image383Who doesn’t love puff pastry? Home cooks who effectively use it are offering their guests a gesture of sophistication and generosity. As a finished product puff pastry is outrageously flaky and full of flavor. It’s versatile: it’s perfect it in both savory and sweet applications, it can be simple and elegant or sophisticated and arty.

What gives puff pastry its incredible texture is a complex process. This process starts with a simple, unyeasted dough of flour and butter which is then “laminated” by interleaving cold dough with cold butter. It requires a deft hand, a smooth surface and a good rolling pin. All the ingredients need to be kept cold because it’s essential not to let the laminating butter actually combine with the dough. The end result must be a sheet of dough that consists of alternating micro-layers of dough and butter. Remember that this is an unleavened dough. The reason that puff pastry puffs is that those “micro-layers” of butter cause the “micro-layers” of flour to literally blast apart into ultra-fine, delicious sheets of baked, flaky crust. Any pastry cook will tell you this job is arduous and time-consuming. Probably the hardest job a baker does.

Fortunately, home cooks have frozen puff pastry dough sheets at their disposal. We carry two kinds at PFI:

1. all-butter puff pastry has that the stunning taste that only lots and lots of butter can instill and

2. half-butter puff pastry which contains vegetable shortening as well as butter which actually makes for a slightly taller puff.

Which you use is up to you obviously.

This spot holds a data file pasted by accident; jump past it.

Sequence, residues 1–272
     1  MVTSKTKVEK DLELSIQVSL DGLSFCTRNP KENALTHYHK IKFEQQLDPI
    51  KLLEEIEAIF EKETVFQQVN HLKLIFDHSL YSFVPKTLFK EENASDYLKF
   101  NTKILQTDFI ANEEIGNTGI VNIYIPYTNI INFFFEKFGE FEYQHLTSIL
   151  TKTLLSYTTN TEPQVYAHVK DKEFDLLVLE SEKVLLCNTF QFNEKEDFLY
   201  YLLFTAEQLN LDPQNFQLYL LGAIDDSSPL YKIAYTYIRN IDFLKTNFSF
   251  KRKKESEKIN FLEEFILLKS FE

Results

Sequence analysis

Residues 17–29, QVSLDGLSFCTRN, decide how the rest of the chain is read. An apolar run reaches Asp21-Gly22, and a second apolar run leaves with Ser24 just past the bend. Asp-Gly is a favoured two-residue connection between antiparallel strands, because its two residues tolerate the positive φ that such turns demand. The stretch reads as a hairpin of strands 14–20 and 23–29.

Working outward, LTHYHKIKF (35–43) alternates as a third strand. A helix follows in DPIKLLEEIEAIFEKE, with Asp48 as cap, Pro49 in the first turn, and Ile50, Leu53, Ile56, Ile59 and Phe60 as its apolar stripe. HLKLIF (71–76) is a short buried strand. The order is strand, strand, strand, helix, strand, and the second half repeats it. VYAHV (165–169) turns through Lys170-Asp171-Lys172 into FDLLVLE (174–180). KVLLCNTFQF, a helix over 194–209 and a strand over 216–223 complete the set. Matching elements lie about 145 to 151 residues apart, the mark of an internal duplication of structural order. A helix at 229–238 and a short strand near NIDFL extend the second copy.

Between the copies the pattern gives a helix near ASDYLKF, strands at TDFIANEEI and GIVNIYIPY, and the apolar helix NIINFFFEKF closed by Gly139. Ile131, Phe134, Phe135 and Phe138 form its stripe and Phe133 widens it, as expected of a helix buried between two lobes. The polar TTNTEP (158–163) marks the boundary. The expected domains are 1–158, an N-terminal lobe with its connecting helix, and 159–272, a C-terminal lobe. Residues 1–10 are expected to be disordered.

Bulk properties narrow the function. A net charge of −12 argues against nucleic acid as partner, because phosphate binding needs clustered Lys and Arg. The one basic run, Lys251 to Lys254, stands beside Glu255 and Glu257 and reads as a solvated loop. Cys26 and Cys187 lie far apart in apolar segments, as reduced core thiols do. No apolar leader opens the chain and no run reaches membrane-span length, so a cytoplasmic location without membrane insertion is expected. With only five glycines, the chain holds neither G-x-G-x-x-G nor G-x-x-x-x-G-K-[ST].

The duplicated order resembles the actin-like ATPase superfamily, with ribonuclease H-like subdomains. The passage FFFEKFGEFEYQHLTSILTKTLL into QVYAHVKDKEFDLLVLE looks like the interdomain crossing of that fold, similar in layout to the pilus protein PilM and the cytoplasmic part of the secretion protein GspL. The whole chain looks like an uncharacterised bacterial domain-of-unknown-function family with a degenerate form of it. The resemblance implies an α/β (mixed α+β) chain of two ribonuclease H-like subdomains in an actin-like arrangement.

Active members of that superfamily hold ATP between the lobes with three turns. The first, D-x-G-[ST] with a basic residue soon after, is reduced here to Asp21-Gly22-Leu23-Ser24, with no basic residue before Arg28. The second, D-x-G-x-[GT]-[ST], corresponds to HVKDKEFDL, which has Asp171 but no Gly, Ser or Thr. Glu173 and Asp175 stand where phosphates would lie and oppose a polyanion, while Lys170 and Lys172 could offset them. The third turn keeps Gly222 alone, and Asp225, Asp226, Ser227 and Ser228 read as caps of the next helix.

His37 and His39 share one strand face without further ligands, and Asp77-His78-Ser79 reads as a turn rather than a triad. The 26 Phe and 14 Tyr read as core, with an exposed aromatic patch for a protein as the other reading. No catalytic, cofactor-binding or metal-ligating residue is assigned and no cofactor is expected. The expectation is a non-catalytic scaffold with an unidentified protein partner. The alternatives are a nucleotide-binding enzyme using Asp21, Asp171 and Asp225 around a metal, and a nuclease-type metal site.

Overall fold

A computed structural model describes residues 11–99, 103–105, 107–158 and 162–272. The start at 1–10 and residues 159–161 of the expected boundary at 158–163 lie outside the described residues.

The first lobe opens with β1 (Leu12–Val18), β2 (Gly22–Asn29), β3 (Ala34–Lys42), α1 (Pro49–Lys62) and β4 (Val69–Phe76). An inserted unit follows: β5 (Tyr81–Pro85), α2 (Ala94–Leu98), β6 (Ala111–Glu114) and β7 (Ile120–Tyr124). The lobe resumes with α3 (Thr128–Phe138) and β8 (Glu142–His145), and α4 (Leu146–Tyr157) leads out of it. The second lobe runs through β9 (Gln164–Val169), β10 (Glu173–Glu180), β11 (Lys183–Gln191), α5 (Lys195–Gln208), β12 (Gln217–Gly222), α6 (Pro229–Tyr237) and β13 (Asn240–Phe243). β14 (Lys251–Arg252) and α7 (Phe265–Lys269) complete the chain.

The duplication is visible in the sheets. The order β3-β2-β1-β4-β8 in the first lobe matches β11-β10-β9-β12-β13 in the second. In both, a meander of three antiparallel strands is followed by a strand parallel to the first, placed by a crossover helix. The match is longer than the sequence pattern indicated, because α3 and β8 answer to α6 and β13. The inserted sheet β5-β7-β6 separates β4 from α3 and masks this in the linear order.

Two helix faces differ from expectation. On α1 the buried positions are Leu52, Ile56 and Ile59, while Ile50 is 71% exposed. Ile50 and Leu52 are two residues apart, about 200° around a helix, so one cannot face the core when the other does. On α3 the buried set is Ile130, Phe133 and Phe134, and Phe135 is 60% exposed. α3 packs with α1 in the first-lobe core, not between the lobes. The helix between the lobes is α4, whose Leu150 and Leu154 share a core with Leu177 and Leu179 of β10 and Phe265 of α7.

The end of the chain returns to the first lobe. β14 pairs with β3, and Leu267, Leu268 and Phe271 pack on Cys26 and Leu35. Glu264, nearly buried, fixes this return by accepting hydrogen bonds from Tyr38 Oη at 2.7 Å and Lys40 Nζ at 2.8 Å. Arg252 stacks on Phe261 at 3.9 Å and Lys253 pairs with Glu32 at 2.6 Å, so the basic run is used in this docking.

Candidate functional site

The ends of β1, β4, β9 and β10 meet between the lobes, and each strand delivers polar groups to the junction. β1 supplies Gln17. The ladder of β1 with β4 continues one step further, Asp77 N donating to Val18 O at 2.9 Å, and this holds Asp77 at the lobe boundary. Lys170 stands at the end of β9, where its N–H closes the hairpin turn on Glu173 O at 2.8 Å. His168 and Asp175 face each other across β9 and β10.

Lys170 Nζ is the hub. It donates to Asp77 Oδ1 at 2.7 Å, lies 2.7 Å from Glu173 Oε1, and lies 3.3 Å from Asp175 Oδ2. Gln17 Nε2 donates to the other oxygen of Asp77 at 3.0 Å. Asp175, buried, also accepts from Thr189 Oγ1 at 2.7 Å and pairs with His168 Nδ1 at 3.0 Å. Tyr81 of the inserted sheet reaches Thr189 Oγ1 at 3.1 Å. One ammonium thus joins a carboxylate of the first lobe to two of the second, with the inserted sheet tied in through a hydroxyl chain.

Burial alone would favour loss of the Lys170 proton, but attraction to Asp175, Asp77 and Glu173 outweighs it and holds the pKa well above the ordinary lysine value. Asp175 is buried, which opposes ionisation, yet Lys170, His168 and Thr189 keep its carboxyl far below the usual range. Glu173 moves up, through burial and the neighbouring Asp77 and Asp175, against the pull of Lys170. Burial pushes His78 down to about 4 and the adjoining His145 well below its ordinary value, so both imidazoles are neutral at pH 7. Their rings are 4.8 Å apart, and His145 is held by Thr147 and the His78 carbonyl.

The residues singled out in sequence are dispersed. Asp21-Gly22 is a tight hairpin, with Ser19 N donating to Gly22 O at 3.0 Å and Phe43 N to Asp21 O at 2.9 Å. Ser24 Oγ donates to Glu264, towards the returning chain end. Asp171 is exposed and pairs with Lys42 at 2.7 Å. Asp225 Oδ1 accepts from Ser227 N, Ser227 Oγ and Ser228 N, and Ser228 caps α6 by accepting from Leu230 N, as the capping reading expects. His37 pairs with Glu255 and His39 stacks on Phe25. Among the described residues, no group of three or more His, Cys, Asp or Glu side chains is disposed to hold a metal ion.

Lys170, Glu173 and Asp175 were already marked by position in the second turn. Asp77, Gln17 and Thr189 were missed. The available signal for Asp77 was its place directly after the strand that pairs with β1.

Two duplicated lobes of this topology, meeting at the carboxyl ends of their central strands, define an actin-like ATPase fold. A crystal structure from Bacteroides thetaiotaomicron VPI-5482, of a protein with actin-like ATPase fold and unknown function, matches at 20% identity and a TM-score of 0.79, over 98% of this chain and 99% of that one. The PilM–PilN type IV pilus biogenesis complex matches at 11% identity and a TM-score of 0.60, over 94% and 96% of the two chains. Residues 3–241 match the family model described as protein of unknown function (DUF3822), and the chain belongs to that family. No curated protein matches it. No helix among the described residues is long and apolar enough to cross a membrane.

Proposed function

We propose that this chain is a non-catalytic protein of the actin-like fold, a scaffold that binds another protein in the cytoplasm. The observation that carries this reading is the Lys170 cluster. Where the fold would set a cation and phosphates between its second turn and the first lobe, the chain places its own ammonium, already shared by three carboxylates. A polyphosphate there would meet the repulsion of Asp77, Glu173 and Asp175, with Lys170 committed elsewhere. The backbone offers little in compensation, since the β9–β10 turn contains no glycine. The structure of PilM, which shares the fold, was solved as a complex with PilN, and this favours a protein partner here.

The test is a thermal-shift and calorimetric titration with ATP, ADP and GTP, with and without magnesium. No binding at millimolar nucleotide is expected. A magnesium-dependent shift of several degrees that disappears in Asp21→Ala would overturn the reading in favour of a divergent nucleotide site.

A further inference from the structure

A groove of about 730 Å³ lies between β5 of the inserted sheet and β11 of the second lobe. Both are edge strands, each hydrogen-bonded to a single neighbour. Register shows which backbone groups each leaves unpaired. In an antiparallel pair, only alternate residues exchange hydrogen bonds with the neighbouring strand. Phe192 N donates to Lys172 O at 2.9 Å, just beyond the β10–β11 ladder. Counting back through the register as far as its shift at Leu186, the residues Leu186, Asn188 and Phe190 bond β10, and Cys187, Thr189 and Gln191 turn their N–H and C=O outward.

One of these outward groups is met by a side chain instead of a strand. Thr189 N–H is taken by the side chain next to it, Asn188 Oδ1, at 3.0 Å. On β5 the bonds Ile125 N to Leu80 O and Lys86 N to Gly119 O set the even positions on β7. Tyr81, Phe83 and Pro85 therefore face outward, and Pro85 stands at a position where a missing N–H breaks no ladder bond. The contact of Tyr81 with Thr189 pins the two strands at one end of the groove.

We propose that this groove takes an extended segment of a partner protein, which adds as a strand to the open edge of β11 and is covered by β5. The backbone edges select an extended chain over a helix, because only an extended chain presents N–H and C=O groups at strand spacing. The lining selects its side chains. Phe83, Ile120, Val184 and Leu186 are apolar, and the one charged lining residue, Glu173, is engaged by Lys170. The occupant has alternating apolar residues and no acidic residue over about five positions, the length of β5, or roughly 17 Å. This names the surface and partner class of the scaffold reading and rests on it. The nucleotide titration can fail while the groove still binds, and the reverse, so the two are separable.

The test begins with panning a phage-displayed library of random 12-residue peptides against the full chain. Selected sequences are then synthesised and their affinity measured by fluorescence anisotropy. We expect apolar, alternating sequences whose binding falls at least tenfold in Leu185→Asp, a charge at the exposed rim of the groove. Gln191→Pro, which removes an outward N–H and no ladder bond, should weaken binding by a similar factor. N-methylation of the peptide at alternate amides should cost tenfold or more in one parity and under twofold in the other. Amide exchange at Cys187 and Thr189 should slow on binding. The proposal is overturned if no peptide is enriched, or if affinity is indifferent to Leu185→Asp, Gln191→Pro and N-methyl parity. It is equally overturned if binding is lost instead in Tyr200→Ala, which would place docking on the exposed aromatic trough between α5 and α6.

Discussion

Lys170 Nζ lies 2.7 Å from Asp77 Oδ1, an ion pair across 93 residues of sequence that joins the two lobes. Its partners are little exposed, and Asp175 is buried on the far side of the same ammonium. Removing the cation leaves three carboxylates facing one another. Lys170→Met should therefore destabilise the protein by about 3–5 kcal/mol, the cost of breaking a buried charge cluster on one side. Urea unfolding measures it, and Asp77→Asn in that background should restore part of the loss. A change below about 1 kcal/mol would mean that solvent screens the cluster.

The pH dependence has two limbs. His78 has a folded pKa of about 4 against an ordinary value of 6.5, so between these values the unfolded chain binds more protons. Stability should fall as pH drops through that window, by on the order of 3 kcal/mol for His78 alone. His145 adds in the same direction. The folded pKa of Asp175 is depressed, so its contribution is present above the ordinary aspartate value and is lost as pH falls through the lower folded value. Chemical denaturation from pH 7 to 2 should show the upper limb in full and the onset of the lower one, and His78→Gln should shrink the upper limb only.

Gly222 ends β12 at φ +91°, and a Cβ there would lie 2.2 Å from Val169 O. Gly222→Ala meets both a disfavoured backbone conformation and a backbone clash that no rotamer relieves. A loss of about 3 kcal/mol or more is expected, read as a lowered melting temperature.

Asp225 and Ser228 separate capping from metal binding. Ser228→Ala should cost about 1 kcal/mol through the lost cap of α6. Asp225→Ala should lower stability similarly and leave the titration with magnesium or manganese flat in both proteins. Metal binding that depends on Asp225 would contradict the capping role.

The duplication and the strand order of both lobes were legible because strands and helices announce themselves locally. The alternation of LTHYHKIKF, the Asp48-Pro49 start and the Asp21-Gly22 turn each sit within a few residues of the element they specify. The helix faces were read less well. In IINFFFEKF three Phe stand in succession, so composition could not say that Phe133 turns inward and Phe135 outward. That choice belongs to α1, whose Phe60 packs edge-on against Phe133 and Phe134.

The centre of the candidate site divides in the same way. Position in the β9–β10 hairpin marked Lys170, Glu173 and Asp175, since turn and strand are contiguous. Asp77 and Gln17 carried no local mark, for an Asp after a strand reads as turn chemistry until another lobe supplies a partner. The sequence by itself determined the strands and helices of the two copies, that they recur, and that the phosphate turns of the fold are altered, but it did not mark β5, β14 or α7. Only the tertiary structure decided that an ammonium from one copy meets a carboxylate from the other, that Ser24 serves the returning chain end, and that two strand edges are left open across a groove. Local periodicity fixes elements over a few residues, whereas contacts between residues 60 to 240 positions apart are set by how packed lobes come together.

Caring for frozen puff pastry:

  • It’s important to keep it frozen until you use it. When you purchase puff pastry from PFI, it’s okay to ask for a separate paper bag for your puff pastry. That helps insulate it.
  • When you do buy it at PFI, make sure it’s the last thing you pick up before you get to the checkout stand. This stuff thaws out very quickly!
  • Keep your puff pastry flat on your car seat on the way home. Again, puff pastry thaws quickly. If it’s on end there’s a decent chance that by the time you get home you’ll have wrinkles in your puff pastry or, worse, have an undifferentiated mass of dough.
  • Don’t stack anything on your puff pastry. If the dough gets dimpled in any way that will impede its puffing. You don’t want that.
  • Get it into the freezer the moment you get home.image375

Cooking with frozen puff pastry:

  • Get it out about 15 minutes before you’re going to use it. Set it frozen on a sheet of wax paper on the counter.
  • You can actually start working with your sheet of dough while it’s still a bit frozen. It won’t be as prone to stick to itself when you do that.
  • Make sure that whatever you cut puff pastry with is sharp! Dull knives or cutters will simply press into the dough creating compressed edges that won’t puff. That’s no good. Plastic dough cutters are no good for this job.
  • If your dough is getting soft and sticky while you work with it, put it on a wax paper-lined sheet pan and put it into the refrigerator for a while. Cold is your friend here.
  • When you’re done working with your dough and your pieces are arranged on whatever cooking dish you intend to use, put dough and dish into the refrigerator for 10 to 15 minutes to chill down before you put them into the oven.